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Glazed Pork Loin with Pineapple-Scallion Chutney

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Serves 6-8

  • by Dabney Gough from Fine Cooking
    Issue 115

This twist on the classic pairing of pineapple and ham uses the fruit in a delicious maple-infused glaze and a sweet-spicy chutney for roast pork. If possible, use grade B maple syrup in the glaze; it has a more robust flavor than lighter grades.

  • 2 large cloves garlic
  • Kosher salt
  • 1 Tbs. extra-virgin olive oil
  • 2 tsp. finely grated lemon zest
  • 1-1/2 tsp. toasted coriander seeds, ground
  • 1 3-lb. boneless pork loin roast
  • 1 medium fresh pineapple (about 3-1/2 lb.)
  • 1/4 cup maple syrup, preferably grade B
  • 2 Tbs. sherry vinegar
  • 1 large shallot, minced
  • Pinch ground cayenne
  • 1 large scallion, thinly sliced, white and green parts separated
  • 3 Tbs. chopped fresh cilantro

Peel and coarsely chop the garlic. Sprinkle it with a generous pinch of salt and mash it to a paste with the side of a chef’s knife. Transfer to a small bowl and stir in the oil, lemon zest, coriander, and 1 Tbs. salt.

Put the pork on a large rimmed baking sheet, pat dry with paper towels, and rub all over with the salt mixture. Let sit at room temperature for at least 1 hour and up to 2 hours.

Position a rack in the center of the oven and heat the oven to 350°F. Roast the pork until an instant-read thermometer inserted in the thickest part reads 130°F, about 50 minutes.

Meanwhile, peel and core the pineapple. Cut half into small dice and roughly chop the other half. Purée the roughly chopped pineapple in a blender, then strain it through a fine strainer, pressing on the solids with a spoon, to yield about 3/4 cup juice. In a small saucepan, combine the strained pineapple juice and maple syrup and cook over medium-high heat until reduced to 1/3 cup, 12 to 15 minutes. The liquid will become very bubbly as it reduces; lower the heat as necessary.

Set aside all but 2 Tbs. of the reduced liquid (this will be your glaze). Add the vinegar, shallot, cayenne, and a pinch of salt to the 2 Tbs. liquid remaining in the saucepan and cook over medium heat just until the shallot begins to soften, about 2 minutes. Add the diced pineapple and scallion whites and continue to cook, stirring frequently, until the pineapple softens and releases some of its juice, 3 to 5 minutes. Remove from the heat and let cool slightly.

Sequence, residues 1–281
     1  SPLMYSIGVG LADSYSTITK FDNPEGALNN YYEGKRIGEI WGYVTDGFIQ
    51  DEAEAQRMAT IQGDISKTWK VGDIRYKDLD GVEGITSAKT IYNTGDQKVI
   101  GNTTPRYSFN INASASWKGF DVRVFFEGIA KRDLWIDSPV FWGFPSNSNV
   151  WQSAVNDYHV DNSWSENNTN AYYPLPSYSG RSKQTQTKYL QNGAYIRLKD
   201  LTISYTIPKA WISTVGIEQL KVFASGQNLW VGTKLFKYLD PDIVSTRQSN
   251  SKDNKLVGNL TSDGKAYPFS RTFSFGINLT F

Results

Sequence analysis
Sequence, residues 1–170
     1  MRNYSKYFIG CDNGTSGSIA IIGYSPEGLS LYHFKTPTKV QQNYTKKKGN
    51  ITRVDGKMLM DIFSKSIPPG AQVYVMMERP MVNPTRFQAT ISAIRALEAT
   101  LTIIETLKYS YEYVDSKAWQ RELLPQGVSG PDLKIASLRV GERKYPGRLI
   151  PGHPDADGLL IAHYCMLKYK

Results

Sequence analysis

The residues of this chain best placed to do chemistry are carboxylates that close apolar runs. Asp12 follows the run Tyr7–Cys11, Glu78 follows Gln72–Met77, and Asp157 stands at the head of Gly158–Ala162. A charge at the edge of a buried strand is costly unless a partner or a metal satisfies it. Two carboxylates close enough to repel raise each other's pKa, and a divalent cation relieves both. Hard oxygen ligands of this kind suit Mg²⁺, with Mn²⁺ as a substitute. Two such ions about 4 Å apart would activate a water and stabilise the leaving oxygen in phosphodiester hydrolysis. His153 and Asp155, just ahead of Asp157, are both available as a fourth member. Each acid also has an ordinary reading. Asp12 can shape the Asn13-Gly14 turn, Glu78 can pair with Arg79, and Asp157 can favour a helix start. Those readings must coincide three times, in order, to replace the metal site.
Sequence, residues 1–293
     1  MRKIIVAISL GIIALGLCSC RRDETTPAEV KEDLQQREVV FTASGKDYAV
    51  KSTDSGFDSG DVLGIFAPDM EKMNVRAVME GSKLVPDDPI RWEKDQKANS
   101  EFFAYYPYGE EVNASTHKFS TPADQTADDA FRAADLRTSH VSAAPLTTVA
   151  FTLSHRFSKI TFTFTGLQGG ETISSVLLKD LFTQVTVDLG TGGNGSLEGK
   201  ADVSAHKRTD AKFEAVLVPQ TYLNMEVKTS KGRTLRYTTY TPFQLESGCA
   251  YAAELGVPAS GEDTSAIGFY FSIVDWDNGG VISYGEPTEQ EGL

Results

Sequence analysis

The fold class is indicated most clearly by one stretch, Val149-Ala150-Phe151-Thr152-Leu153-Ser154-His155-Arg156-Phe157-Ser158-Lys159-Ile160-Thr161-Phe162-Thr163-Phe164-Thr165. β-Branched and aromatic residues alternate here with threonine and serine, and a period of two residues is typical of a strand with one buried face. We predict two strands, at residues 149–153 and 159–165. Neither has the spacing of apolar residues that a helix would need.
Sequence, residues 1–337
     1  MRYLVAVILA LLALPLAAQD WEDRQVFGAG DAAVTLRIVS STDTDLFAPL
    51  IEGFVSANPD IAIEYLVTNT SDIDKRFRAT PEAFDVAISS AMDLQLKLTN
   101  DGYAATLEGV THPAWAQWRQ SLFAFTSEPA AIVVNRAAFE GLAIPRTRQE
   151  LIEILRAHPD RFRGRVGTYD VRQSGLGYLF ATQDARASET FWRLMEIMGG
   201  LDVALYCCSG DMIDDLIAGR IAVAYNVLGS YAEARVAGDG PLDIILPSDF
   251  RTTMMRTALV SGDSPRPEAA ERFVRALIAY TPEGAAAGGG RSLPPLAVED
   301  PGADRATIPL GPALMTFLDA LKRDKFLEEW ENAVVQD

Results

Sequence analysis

When the pork reaches 130°F, brush it with some of the glaze and continue to roast, brushing with more glaze every 5 minutes, until an instant-read thermometer inserted in the center of the roast reads 145°F, about 20 minutes more. Let rest for at least 10 minutes before serving.

When ready to serve, stir the scallion greens and cilantro into the chutney. Slice the pork into 1/2-inch-thick rounds and serve with the chutney.

nutrition information (per serving):
Calories (kcal): 290; Fat (g): 9; Fat Calories (kcal): 90; Saturated Fat (g): 3; Protein (g): 32; Monounsaturated Fat (g): 5; Carbohydrates (g): 18; Polyunsaturated Fat (g): 0.5; Sodium (mg): 470; Cholesterol (mg): 80; Fiber (g): 1;

Photo: Scott Phillips

I'll give it 3 stars for the roast and 4 -4 1/2 for the pineapple chutney. Next time I make it, I'll pre-plan a bit and give the roast a wet brine in the refrigerator for a couple of days (search the Fine Cooking website....I know I used that method on another pork loin roast recipe). A wet brine just gives the pork more flavour in the end. For my slightly-less-than-3-pound roast, I found it took longer than 50 minutes to get to a 130 temp (it was closer to 75 min for me), but it got to 145 much quicker than 20 minutes. For the chutney, if you like it spicier it could use a bit more cayenne, but since I have kids I just used a pinch. I forgot to buy scallion at the store but will be sure to buy it next time. For the blended half of the pineapple (the half that gets put in the blender to make the juice), I recommend giving that a couple of hours to sit in a sieve over a bowl to extract the juice for the glaze with minimum effort. I'll definitely make it again, just tweak it a bit.

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